Southeastern Synod Youth and Young Adult Ministry

 

CHICAGO (ELCA) – As a church that believes “God is calling us into the world together,” members of the Evangelical Lutheran Church in America (ELCA) will participate in “God’s work. Our hands.” Sunday, Sept. 7 – a day dedicated to doing service work alongside neighbors in communities across the country. In 2013, the 4 million-member ELCA celebrated its 25th anniversary with the first “God’s work. Our hands.” Sunday. ELCA members of all ages engaged in service projects that helped address critical needs in their neighborhoods and communities. Activities included cleaning parks and beaches, collecting food and preparing meals for people who are homeless, assembling care packages, and visiting the homebound and the elderly. “We loved the idea that we were part of something bigger than ourselves,” said the Rev. Renee Patterson, pastor of St. Paul Lutheran Church in Wyoming, Minn. “We know we pray for the body of Christ, but working as the body of Christ was both rewarding and encouraging for us as we realize how much we can do when we do it together.” Volunteers from St. Paul worked at a local thrift store, saving the organization over 60 hours in labor costs. Patterson said the savings allowed the store to purchase more food “to address the ever-growing issue of hunger.” “We loved it because it helped us live into our call to make a difference in God's world, and it helped us enjoy each other as we served our God side by side as a faith community,” said Patterson. “‘God's Work. Our Hands.’ Sunday comes up quite a bit as a highlight of the year and is held up as a model of what being church is all about,” said the Rev. Kristine Dohrmann, pastor of Good Shepherd Lutheran in Knoxville, Iowa. The members of Good Shepherd helped with home-repair projects and yard work for families in the congregation who needed assistance. Younger members colored table mats for Meals on Wheels. “The fact that we know that we will, once again, be joining thousands of congregations across the country is a bonus that serves to fire up our members,” said the Rev. Steven Bond, pastor of Advent Lutheran Church in Mentor, Ohio. “We will have people of all ages working side by side in projects.” Last year, the service projects at Advent included baking and distributing cookies to police and firefighters, building and repairing picnic tables for a local homeless shelter, and writing letters to military personnel and veterans. Bond said he is “excited about new possibilities this year.” “Whatever the Spirit leads us to will be a blessing to us who serve, and we look forward to hearing stories from Lutherans around the country as they seek to love God and neighbor in such a visible way,” said Bond. “‘God’s work. Our hands.’ Sunday reminds us that we are church together for the sake of the world. Our lives have been changed by our relationship with God through Jesus Christ, and it’s that encounter with Jesus that frees us to make a difference,” said ELCA Presiding Bishop Elizabeth Eaton. “When one congregation or a group of congregations gathers for service in their local communities, they are the church in that place, taking care of that part of God’s vineyard. But this is all work that we do together. When one congregation works to feed people who are hungry, that is also the entire church coming together,” said Eaton. More information about “God’s work. Our hands.” Sunday is available at www.elca.org/dayofservice.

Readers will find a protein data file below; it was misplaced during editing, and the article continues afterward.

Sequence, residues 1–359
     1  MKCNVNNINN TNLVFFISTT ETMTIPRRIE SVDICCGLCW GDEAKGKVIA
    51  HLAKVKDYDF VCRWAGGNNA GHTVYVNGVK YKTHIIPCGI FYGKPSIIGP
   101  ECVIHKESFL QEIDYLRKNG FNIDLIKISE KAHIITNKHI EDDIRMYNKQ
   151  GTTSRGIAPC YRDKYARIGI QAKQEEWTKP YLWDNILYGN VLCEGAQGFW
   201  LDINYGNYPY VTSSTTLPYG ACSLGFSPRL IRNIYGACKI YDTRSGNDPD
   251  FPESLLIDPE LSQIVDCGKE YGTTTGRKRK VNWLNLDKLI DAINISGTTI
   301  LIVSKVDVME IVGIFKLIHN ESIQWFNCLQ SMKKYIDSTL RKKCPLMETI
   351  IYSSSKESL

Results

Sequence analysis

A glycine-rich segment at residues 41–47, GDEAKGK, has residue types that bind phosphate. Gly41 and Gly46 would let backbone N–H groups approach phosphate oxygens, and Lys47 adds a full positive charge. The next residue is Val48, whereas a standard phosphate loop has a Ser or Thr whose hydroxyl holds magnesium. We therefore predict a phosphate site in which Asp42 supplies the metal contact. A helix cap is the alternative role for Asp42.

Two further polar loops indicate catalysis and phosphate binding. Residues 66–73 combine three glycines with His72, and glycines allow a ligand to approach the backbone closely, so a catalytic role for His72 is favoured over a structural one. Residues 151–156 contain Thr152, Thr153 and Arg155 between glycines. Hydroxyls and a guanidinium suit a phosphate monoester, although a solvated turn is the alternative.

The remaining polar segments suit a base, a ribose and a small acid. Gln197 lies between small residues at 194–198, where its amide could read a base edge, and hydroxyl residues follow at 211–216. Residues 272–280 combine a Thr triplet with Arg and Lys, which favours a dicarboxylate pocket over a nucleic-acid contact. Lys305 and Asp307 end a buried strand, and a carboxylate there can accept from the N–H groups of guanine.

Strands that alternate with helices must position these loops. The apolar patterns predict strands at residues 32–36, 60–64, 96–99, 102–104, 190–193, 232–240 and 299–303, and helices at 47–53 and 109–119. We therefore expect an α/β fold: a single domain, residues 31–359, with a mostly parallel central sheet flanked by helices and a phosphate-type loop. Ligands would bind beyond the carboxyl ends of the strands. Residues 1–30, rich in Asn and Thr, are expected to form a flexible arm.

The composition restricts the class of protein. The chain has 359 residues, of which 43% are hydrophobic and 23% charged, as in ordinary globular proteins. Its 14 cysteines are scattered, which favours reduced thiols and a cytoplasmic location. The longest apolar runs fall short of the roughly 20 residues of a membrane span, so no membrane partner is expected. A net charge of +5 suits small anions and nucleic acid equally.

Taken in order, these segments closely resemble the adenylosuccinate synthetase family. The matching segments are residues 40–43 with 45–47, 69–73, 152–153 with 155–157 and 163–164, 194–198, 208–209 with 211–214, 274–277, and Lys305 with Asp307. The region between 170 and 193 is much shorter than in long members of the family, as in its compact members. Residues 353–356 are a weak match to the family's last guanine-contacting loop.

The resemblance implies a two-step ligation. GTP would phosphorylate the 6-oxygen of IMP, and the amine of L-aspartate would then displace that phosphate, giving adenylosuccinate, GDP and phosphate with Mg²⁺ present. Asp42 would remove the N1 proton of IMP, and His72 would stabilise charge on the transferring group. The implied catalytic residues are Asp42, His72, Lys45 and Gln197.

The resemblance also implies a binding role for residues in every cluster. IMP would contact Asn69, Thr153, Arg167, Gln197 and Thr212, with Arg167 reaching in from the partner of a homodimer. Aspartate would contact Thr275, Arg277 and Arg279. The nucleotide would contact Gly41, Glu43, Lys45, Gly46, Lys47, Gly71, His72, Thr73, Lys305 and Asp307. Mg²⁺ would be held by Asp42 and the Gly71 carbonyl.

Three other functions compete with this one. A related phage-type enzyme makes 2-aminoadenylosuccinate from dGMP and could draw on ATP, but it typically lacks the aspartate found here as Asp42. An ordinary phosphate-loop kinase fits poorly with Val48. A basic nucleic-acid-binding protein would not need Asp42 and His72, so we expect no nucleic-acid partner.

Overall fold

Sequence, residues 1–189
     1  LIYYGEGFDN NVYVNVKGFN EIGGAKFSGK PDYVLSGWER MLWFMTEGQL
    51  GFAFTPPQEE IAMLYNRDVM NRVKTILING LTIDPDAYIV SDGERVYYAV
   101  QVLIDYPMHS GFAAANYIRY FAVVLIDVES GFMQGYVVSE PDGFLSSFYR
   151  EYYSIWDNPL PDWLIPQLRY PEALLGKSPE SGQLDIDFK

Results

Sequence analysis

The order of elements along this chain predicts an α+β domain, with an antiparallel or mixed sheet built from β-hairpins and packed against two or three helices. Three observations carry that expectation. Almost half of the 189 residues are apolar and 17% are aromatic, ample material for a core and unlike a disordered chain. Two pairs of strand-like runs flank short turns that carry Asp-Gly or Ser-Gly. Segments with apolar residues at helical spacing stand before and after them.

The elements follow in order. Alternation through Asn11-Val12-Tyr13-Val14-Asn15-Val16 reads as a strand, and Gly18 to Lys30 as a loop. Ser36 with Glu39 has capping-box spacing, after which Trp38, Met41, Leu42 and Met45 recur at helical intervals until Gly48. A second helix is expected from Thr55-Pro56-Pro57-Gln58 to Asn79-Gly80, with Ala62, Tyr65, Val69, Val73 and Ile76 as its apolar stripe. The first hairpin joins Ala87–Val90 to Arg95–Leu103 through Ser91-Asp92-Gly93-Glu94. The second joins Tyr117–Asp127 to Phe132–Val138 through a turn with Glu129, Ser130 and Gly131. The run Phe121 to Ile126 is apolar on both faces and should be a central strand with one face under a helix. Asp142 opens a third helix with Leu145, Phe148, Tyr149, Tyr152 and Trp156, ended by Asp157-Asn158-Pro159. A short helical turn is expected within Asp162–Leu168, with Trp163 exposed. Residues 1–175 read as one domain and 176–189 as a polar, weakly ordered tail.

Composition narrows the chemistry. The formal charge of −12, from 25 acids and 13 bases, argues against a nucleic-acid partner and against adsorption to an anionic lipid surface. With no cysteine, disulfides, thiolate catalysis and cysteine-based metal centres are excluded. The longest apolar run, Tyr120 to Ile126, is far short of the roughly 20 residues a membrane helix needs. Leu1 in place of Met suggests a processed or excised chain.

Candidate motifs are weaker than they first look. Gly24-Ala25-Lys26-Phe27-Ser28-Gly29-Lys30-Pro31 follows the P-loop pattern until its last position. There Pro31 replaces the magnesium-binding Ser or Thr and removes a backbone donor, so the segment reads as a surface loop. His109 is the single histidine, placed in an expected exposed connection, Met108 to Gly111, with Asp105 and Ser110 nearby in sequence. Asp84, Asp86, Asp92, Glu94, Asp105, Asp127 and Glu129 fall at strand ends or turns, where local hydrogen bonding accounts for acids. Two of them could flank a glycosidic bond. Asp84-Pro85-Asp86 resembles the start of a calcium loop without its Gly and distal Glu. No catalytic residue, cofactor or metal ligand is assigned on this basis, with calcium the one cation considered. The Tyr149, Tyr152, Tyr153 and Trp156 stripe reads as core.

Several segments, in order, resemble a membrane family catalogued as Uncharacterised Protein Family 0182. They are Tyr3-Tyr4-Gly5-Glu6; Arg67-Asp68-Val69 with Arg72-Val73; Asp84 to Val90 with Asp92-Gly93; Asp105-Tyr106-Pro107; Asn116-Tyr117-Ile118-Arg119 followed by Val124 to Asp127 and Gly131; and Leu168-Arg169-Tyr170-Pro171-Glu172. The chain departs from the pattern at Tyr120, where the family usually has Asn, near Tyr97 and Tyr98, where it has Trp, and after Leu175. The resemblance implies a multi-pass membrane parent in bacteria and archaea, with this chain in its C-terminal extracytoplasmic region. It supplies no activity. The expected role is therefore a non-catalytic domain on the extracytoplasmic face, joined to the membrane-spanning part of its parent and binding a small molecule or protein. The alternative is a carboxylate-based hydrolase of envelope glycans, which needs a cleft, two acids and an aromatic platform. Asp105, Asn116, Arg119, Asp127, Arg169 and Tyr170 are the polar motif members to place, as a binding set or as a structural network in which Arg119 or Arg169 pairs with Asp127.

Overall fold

ALL TENNESSEE 2018

122 youth and adults met November 10 & 11 at Trinity Lutheran Church in Hixson, Tennessee for All Tennessee.  During the event youth from across Tennessee gathered to learn more about the "GODISNOWHERE" theme by participating in different activities throughout Saturday afternoon.  Youth looked at where God was through an interactive Stations of the Cross activity, they also got to ask Pastor Ed Myers and Pastor Katherine Museus any question they wanted to ask, they learned about how we can be God's hands in the midst of disasters through the work of Lutheran Disaster Relief and put together hygiene kits for Lutheran World Relief.  To finish out their service that day they moved mulch on to the church's playground.  Worship started with a group of youth from Christ Kiswahili Lutheran Mission leading in song and during the confession participants were invited to take a piece of string to represent their confession and tie it on nails that formed "GODISNOWHERE" - a powerful way to see that God comes to us in the midst of our brokenness and as we communed together we saw God come once again in the body and blood of Christ. Special thanks to the volunteers of Trinity Lutheran Church for their hospitality and meals, as well as the ALL Tennessee planning team for their hard work putting it all together.